CITY GAA fans have always had a great affection for Ballinlough and some of the county’s best players down the years began their fledgling careers there, lining out in what used to be a very highly competitive minor championship.
In times gone by we had the then very popular City SHC. Ballinlough was a venue we all enjoyed going to.
Last Sunday morning we took a trip there for the city division JHC semi-final between Passage and Whitechurch, two sides maybe not as fancied as others.
Passage is a club with a great tradition that produced some fine hurlers.
In more recent times their name has not shone as brightly as it once did so this was a very important game for a club doing a lot of good work at ground level.
Whitechurch have not won this city championship although they made headlines a few years ago in the B championship. So this was a novel pairing, a game that would decide Brian Dillon’s opponents in the final at the end of the month.
And what a fine game it was. The consensus was that it was one of the best games played there for quite some time.
There is something about junior championship hurling that marks it out from the higher grades.
There is a great honesty about it when it comes down to games where everything is on the line and there was quite a lot here.
The winners were guaranteed a place in the final for starters and subsequently a place in the county championship. For the losers, it was season over.
Passage got off to the best possible start, two very well taken goals in the opening sequences that suggested they were going to be Brian Dillon’s opponents in the final.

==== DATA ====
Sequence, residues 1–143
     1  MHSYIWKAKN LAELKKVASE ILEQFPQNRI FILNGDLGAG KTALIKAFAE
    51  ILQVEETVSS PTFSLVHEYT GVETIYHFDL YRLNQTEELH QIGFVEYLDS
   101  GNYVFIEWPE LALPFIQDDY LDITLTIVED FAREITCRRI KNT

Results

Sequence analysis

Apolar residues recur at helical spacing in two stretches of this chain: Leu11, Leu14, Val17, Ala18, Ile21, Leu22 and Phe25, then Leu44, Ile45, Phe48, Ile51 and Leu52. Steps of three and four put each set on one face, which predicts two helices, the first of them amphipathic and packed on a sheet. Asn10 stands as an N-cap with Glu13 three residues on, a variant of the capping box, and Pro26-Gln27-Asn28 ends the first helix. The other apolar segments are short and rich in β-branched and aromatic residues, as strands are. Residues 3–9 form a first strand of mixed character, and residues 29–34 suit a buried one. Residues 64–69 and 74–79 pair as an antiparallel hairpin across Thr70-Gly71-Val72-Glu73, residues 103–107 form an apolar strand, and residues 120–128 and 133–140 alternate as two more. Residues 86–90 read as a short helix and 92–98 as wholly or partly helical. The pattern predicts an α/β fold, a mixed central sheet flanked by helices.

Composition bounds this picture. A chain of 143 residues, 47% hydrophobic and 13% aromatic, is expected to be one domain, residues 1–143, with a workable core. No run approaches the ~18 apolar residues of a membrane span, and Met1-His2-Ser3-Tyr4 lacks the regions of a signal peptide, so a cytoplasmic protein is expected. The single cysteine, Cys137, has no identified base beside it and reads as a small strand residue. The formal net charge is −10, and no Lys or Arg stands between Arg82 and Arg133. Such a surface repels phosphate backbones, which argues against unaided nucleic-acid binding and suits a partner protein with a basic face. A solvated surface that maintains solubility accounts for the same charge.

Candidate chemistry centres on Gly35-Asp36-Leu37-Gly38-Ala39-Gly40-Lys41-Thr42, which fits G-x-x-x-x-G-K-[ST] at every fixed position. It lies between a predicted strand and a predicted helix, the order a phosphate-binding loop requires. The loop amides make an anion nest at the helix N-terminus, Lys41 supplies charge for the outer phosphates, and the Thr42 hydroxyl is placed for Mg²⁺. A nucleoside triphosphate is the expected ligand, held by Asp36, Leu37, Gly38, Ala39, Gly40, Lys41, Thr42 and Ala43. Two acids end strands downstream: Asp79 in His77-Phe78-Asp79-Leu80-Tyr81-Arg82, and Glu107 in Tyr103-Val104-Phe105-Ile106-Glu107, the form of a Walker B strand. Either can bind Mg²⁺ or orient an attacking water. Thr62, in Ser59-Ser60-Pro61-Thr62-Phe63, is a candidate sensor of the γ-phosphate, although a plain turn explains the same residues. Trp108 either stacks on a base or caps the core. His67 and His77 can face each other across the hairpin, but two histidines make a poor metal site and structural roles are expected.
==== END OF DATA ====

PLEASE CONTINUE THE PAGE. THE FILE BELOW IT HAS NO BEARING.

Former Cork star Cian McCarthy belted home one of them, his brother Niall the other one, Whitechurch were on the back foot immediately. However, they took those blows and got themselves back into the game and by the interval they had drawn level.
It was 2-6 to 1-9 at that juncture and what followed was a great battle for supremacy. It was nip as tuck as they say right to the final whistle and the issue could have gone either way in the closing, frenetic minutes.
Padraig Dennehy was hugely conspicuous for Whitechurch, ending the game with a handsome tally of nine points. Sean Keane clung a fine goal for them and a few points into the bargain Whitechurch had seized the initiative going into stoppage time, ahead by the bare minimum before Passage got one last chance to extend their stay in the championship.
A long-range and difficult free, however, trailed wide of the posts and that was it, Whitechurch, after that desperate start, had booked their place in the final against a seasoned Dillons side who still have their greatest servant John Horgan delivering the scores.
Whitechurch’s appearance in the final will add considerably to the occasion at city headquarters and it should be a great day out.
Down the years the city division has had some great people at the helm, people like Donal O’Connor, Sean McCarthy, Derry Collins, the late Mick Morrissey and Paddy Quinn and a host of others.
Johnny Sweeney is in the chair in Ballinlough and carrying on that fine tradition and doing a fine job Last Sunday morning it was an early start at the fine city venue and there was a fine attendance.
The viewing area is top class and the venue continues to thrive on days like last Sunday.
Now, can the newcomers Whitechurch take the process a stage further and lift the trophy for the first time against a side that is very well versed on the requirements of a final day?.
Staying on the junior front, last season’s beaten county finalists Russell Rovers won the big game in East Cork against Lisgoold.
They scored 1-16 with the highly talented Josh Beausang securing 1-14 of that tally. That’s some going and they must now be favourites to retain the title down there.
People might suggest that the junior grade is not what it used to be and maybe it isn’t. But there’s still a great cut and thrust about it as Whitechurch and Passage exhibited last Sunday morning at the fine venue of Ballinlough.